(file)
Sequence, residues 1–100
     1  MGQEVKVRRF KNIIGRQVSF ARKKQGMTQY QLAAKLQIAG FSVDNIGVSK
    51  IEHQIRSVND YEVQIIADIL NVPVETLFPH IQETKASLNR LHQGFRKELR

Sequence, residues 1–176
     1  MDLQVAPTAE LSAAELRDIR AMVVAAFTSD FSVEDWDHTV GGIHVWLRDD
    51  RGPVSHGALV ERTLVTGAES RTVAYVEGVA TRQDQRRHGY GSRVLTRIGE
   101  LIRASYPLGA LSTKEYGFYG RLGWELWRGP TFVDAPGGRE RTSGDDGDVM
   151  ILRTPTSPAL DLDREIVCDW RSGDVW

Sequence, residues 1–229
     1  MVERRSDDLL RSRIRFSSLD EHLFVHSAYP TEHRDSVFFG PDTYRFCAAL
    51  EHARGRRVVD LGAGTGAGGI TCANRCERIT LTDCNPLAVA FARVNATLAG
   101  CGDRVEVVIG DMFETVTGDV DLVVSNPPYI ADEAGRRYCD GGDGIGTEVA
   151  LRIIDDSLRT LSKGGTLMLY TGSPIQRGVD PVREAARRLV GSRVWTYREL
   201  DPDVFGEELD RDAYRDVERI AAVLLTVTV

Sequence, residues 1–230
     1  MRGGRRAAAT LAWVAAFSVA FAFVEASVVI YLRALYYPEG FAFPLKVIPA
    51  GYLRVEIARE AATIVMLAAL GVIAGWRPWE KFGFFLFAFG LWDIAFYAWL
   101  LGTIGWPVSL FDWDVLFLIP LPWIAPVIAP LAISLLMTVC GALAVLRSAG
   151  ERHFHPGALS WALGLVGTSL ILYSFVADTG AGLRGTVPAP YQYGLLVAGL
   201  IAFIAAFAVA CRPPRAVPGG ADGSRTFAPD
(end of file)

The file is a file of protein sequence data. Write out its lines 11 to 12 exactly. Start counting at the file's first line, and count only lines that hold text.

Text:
    51  EHARGRRVVD LGAGTGAGGI TCANRCERIT LTDCNPLAVA FARVNATLAG
   101  CGDRVEVVIG DMFETVTGDV DLVVSNPPYI ADEAGRRYCD GGDGIGTEVA